That’s not to say he’s in great shape, but entertainment segments that rely on in-person interaction may eventually recover. Until then, Mickey and his company are not resting on their laurels. The direct consumer segment which includes the Disney +, Hulu, ESPN + and Disney + Hotstar streaming properties (in India and soon also in Indonesia) already has over 100 million subscribers. A new international general entertainment service under the Star name using ABC and Fox TV and studio content is coming in 2021. And with the future of the theater industry in question, Mulan will be the biggest budget movie to stream direct to date, available to Disney + subscribers for $ 29.99.
Simply put, Disney remains a powerful entertainment empire that is helping lead the charge into a new digital age. It’s far from perfect right now, but the current state of affairs won’t last forever. And with a market capitalization of over $ 230 billion, it’s not hard to imagine that the world’s largest entertainment consortium is much bigger in a decade.
3. Adobe: fueling the world’s “digital transformation”
Much has changed since the dawn of the Internet in the 1990s. More than just a means of obtaining information, the Internet has created an interconnected digital world which is now the very foundation of business operations and the means of. obtaining and providing goods and services. This “digital transformation” was already underway before COVID-19, but businesses and individuals dragging their feet to make the necessary technology updates have had a fire burning in recent months.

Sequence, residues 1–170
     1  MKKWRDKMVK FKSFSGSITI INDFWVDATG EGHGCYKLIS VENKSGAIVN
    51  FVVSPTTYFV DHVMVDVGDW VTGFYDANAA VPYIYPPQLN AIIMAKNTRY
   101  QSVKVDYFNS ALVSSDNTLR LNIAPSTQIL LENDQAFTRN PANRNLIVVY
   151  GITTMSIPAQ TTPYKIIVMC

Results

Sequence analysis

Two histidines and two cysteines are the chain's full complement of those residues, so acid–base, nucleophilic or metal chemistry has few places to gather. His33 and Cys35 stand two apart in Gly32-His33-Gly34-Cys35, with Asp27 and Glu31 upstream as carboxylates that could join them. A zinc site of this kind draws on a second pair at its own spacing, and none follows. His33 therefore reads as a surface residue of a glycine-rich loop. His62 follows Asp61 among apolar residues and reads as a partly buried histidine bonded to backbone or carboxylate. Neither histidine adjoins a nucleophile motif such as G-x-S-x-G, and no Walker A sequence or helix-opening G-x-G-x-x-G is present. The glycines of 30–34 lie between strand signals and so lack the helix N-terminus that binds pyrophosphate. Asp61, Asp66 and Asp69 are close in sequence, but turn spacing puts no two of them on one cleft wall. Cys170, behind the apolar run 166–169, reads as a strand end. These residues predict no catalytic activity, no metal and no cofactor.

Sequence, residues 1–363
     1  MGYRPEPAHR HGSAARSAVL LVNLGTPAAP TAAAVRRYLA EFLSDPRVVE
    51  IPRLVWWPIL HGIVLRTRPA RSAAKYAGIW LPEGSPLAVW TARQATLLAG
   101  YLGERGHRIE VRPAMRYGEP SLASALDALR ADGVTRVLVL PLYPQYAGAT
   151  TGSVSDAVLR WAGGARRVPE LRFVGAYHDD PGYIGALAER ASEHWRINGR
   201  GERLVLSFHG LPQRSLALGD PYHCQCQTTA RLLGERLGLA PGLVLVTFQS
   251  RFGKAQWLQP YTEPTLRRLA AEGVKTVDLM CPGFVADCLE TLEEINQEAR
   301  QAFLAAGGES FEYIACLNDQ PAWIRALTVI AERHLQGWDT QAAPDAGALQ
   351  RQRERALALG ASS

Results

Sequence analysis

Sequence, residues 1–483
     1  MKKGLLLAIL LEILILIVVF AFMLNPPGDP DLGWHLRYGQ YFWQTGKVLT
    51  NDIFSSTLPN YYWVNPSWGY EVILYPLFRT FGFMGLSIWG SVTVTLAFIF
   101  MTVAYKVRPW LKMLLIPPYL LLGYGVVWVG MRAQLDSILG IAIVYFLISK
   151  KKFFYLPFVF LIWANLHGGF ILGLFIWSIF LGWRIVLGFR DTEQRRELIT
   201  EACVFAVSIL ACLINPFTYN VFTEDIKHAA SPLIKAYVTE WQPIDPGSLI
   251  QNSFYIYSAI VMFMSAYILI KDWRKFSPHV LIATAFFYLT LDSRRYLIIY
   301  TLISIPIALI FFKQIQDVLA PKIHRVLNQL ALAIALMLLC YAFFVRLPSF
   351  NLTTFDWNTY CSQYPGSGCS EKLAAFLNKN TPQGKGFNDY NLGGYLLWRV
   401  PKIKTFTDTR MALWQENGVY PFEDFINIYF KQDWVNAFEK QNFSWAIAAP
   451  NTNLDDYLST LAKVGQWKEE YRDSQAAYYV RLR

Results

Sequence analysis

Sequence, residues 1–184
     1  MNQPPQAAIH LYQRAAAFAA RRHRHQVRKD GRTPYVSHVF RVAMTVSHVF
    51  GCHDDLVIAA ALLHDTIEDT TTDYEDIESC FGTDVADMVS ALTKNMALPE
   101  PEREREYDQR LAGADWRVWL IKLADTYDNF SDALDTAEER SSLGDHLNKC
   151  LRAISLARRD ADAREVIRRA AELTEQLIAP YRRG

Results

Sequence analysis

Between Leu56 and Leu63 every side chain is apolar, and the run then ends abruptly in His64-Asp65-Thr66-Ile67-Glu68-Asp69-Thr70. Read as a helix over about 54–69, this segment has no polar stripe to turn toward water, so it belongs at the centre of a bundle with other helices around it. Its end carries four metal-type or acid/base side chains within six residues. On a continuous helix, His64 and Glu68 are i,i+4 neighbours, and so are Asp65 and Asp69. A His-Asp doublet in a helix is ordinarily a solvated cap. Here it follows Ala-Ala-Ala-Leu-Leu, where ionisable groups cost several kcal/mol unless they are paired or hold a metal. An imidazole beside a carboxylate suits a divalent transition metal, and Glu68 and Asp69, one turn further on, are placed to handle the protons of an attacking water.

This is where Adobe (and a growing rival salesforce.com) comes into play. Adobe started out as a developer of creative software, but has used its leadership in this area as leverage into a comprehensive business software suite. From day-to-day management of workflows (like signing documents electronically) to managing marketing (buying ads and monitoring data) to authoring tools (graphic design and digital content creation), Adobe covers activities. The options that await him in the years to come seem endless.
Highlighting how important this technologist has become, revenue grew 14% to $ 3.13 billion in the second quarter of fiscal 2020 (the three months ending in May) and management expects another increase by 11% in the third quarter. The world may be in the throes of a recession, but spending on Adobe products continues almost unabated. And with the need for software and cloud services only expected to increase over the next 10 years, Adobe is at the forefront of a massive industry worth hundreds of billions of dollars worldwide every year and growing steadily.
Currently valued at over $ 220 billion, this software company has the furthest reaching $ 1 trillion on this list. But still in expansion mode and totaling enviable operating margins of around 30%, there’s a lot to like about Adobe. It’s not unreasonable to think that it will be close to the 13-digit market cap range in a decade.